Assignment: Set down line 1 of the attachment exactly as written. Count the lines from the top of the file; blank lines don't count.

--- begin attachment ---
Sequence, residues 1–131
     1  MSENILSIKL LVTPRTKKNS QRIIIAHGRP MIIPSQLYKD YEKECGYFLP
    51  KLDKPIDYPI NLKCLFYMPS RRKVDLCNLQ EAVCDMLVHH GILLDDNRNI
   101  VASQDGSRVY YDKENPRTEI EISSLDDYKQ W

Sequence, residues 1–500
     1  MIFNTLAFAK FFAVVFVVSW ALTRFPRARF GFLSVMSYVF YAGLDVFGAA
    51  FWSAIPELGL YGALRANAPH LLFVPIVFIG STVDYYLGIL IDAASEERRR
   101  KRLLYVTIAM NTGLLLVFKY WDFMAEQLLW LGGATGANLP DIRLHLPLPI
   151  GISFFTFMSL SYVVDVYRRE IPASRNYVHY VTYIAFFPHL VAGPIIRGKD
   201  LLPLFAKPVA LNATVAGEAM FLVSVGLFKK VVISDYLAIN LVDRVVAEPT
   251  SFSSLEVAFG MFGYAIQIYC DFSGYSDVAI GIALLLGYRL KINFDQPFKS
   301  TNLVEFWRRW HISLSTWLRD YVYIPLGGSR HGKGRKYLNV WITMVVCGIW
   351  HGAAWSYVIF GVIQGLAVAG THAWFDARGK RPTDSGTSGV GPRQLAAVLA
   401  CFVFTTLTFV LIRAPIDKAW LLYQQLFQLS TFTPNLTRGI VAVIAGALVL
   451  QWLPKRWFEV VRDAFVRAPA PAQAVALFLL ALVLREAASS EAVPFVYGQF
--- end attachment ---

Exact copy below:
Sequence, residues 1–131